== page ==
Which is not to say that Beloved Community Village has no rules. Residents can be kicked out for violence, possessing weapons or drugs, discriminating against others, being persistently disruptive or failing to participate in the communal governance structure. In the past, two villagers were expelled for breaking the rules by threatening violence involving a weapon. Five have moved on on to permanent housing and all those living there now are working, going to school or receiving disability income.
The Burnes Center on Poverty and Homelessness at the University of Denver studied the village at 38th and Blake and found it improved the employment prospects and health of its residents and that crime rates had not increased significantly within a half mile and gone down within a quarter mile of the site. It also found neighbors reported few problems associated with the village.
“We are here because the Beloved Community Village has been a success,” Cole Chandler, part of the Colorado Village Collaborative leadership team, told council members Monday.
The tiny village proposal came before City Council the same night the body approved landmark status for Cableland, the 45,490-square-foot mansion where cable TV entrepreneur Bill Daniels once lived and that he gave to the city for official use. Councilman Rafael Espinoza noted the juxtaposition of Daniels’s vast wealth with the poverty of both many in Globeville and residents of the tiny-home village.
“We’ll memorialize this,” Espinoza said of Cableland. “But we still have to tackle other issues.”
For the tiny village on Pearl, a community block with a full kitchen, bathrooms and plumbing was envisioned. The current village relies on portable toilets and a bath house supplied with water from a 300-gallon tank. Cableland has 13 bathrooms.
The city had announced in January that it was offering the Pearl site to the Colorado Village Collaborative. The announcement drew protests at a subsequent series of neighborhood meetings. At one point a new neighborhood association was formed to lead the opposition to the village.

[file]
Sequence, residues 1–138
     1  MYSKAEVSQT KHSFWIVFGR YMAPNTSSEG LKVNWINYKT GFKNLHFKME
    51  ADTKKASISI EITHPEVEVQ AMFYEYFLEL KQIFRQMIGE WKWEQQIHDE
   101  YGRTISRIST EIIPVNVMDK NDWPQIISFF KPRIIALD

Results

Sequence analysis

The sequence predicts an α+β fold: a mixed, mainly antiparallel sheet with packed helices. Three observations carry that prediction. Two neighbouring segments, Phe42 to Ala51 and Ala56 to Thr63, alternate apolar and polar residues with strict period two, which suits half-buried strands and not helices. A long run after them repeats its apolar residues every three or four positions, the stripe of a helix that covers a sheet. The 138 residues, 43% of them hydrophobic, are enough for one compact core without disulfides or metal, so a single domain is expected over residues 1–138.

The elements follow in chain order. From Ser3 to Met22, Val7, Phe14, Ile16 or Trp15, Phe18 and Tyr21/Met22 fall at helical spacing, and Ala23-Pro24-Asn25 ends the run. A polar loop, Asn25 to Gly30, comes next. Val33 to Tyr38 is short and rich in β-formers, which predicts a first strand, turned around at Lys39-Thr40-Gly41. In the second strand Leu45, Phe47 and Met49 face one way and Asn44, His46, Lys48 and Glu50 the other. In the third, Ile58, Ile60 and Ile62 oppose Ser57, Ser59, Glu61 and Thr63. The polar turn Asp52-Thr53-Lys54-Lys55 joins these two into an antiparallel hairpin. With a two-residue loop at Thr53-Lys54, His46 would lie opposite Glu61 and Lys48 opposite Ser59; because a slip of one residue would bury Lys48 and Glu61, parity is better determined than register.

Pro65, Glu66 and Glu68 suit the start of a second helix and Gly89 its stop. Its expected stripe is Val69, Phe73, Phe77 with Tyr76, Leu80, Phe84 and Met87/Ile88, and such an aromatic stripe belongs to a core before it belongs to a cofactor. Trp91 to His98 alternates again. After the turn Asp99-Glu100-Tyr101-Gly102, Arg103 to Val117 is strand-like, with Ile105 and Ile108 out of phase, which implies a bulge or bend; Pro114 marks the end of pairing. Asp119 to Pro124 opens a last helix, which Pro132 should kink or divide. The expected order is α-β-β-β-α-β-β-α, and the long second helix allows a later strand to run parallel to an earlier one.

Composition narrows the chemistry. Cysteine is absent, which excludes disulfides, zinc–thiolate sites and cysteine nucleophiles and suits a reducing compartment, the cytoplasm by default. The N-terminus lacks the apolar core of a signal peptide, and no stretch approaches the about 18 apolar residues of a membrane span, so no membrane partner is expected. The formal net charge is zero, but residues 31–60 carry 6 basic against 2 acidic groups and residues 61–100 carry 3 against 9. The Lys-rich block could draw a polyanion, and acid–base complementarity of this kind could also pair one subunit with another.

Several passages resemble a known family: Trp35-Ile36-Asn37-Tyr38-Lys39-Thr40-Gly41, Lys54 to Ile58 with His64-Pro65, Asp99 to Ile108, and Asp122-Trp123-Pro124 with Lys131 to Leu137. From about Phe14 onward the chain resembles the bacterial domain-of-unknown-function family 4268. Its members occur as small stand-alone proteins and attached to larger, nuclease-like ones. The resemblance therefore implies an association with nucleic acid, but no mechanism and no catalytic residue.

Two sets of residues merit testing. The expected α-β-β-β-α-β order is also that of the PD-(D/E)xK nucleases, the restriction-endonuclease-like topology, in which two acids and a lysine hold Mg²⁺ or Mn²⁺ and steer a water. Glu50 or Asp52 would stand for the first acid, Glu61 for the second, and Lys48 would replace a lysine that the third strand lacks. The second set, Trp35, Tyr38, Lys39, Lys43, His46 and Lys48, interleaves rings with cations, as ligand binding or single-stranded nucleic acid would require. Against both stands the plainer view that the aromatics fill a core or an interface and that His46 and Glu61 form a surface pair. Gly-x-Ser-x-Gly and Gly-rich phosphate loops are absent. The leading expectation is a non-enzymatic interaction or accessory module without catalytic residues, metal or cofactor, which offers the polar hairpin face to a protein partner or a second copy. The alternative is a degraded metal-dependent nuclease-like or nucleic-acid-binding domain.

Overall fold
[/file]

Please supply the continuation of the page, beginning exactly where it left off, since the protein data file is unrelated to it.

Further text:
Officials from the city and Colorado Village Collaborative also have gone door-to-door in Globeville to make their case and held a neighborhood clean-up that culminated with a barbecue.
The village has been located for more than a year at the 38th and Blake plot, which is slated for the development of affordable housing. The Colorado Village Collaborative had at first hoped to move to a site it was offered at the Taxi development, but Denver’s Public Works department said in November that plot was inappropriate, citing flood concerns. At the time, the village was facing a March 1 deadline to move set by the Urban Land Conservancy, the real estate nonprofit that owns the 38th and Blake lot.
On Feb. 28, with the acquiescence of the Urban Land Conservancy, a city appeals board granted the village a 180-day extension of its permit for the 38th and Blake site. But that didn’t leave much time to start reaching out to residents of other neighborhoods. At any rate, city officials had looked at other municipal sites and concluded that 4400 North Pearl best met criteria that included size, accessibility to transit and zoning considerations.
Community Planning & Development said Tuesday that Beloved Community Village’s move from 38th and Blake to 4400 Pearl would take place over the next three weeks. A statement from the city department added that it will be proposing amendments to both the city’s zoning code and building and fire code to allow temporary structures like the village’s tiny homes, which have no permanent foundations, to remain in place for up to four years when equipped with bathroom and kitchen that have plumbings. The department also is working to modernize the zoning code rules on group living.
Last summer the city’s Landmark Preservation Commission derailed plans to build a different tiny home village intended for women experiencing homelessness in the parking lot of the St. Andrew’s Episcopal Church campus. The congregation had supported the proposal to host eight temporary homes and two support buildings. But because the church is in a historic district — Clements, near downtown — the proposal required approval from Landmark, which found no historical precedent for it.